Christian was known to police and to area activist groups, in part because of his recent participation in local protests. On the morning of April 29, as a free-speech protest assembled at a Portland park, Christian appeared with a Revolutionary War-era flag draped over his shoulders. He strolled across the grass while yelling racial slurs.
Joey Gibson, whose Patriot Prayer group organized the April 29 march to bring together Trump supporters and right-wing activists, has traveled with his group to protests in Berkeley and Seattle because "the streets for too long have been run by extreme-left liberals. . . . We're trying to turn this West Coast so it's not just blue. I don't want people to be ashamed to be conservative on the West Coast."
But Gibson said Christian's presence at the Portland rally was fearsome; Gibson said he appeared to be attacking pretty much everyone there. As Gibson prepared to take to a microphone on a fenced soccer field in East Portland's Montavilla Park, Christian began causing a scene, walking up to anti-fascist counterprotesters and screaming at them: "Take your mask off or don't talk to me! This is my town!" Police surrounded him.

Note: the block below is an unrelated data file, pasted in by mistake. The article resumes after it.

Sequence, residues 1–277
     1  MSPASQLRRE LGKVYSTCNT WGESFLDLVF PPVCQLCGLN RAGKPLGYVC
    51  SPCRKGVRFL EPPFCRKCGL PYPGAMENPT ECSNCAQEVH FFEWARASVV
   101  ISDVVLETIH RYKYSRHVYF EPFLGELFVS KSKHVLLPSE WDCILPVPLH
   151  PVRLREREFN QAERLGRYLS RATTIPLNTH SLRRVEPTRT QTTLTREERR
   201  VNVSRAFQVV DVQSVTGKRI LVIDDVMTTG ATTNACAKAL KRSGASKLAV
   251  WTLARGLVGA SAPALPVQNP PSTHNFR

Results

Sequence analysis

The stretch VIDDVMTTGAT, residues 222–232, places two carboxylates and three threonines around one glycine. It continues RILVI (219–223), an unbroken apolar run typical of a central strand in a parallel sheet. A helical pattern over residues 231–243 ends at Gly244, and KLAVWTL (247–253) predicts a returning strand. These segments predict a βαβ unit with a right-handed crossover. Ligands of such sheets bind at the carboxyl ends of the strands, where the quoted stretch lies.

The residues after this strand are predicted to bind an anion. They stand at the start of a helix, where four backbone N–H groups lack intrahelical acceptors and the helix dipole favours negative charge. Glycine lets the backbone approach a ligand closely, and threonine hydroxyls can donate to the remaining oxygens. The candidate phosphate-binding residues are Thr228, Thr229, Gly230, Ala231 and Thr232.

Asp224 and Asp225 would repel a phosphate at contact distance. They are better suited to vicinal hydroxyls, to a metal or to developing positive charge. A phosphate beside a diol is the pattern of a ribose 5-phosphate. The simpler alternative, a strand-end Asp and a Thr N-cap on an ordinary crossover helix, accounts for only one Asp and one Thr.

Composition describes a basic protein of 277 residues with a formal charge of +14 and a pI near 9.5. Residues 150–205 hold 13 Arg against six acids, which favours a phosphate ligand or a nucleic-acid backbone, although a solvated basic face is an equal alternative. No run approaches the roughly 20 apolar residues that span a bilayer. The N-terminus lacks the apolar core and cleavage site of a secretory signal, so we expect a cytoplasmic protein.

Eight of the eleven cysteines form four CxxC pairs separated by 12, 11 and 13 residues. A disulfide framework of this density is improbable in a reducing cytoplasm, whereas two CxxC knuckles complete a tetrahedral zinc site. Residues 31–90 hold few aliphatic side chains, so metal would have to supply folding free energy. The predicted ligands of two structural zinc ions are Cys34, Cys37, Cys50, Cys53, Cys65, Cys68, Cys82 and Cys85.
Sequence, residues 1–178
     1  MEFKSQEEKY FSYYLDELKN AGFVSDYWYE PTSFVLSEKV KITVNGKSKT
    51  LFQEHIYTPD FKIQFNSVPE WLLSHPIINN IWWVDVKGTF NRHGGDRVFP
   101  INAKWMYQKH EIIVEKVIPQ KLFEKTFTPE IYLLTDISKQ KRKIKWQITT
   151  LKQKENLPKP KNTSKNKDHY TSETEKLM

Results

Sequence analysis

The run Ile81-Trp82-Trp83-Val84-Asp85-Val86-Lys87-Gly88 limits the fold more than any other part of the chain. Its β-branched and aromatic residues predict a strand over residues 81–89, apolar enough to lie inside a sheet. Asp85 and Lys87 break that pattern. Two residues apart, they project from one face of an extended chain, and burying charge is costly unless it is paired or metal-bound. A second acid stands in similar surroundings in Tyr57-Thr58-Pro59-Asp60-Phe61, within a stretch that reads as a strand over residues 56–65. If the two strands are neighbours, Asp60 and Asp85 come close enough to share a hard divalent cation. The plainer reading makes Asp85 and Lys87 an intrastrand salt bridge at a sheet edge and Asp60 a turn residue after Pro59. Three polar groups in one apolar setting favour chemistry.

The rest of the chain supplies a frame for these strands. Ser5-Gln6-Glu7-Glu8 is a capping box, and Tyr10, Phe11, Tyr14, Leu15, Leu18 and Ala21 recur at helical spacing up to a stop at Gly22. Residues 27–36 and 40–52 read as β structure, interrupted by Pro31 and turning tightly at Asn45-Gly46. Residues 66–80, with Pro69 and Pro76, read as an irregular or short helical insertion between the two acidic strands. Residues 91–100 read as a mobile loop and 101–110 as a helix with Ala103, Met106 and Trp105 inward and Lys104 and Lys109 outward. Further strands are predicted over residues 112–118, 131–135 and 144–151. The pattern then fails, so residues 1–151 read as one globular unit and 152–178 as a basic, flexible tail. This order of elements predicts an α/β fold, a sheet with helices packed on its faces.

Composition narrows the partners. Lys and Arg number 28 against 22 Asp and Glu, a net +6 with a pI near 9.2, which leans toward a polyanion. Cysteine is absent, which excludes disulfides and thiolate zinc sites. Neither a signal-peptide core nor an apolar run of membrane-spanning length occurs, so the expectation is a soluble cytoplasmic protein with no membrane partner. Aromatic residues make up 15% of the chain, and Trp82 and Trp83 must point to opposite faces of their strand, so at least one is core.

"He was a scary guy," Gibson said. "We kicked him out. We did the best that we could, but it was a public space. We made it very well known that he's not with us."
Hours later, after the march wound its way down a busy street and marchers gathered in a Burger King parking lot, there was Christian again, screaming: "Die Muslims! Die fake Christians!"
Some experts say the current political and cultural climate has left people with extremist ideologies feeling angrier about their positions than in years past, perhaps making them more willing to air them publicly.
Mike German, a fellow at the Brennan Center for Justice at the New York University School of Law, said the presidential campaign and the Trump administration's embrace of some far-right views have given extremists "a bigger platform."
But German, a former FBI counterterrorism agent, said that out of those who identify with extremist ideologies, "there is a tiny minority of them that engage in violence" and other crimes.
The violence in Portland followed other fatal hate-related incidents in Florida and Maryland that have sounded similar alarms.
In Tampa on May 19, a former neo-Nazi told police that he killed two of his roommates because they were "disrespecting" his newly chosen Islamic faith; a third roommate who was uninjured had a framed photograph of Oklahoma City bomber Timothy McVeigh in his room along with firearms, ammunition and suspected bomb-making materials. Authorities said the third roommate acknowledged he is a member of Atomwaffen, a neo-Nazi organization that the Anti-Defamation League and Southern Poverty Law Center consider a hate group.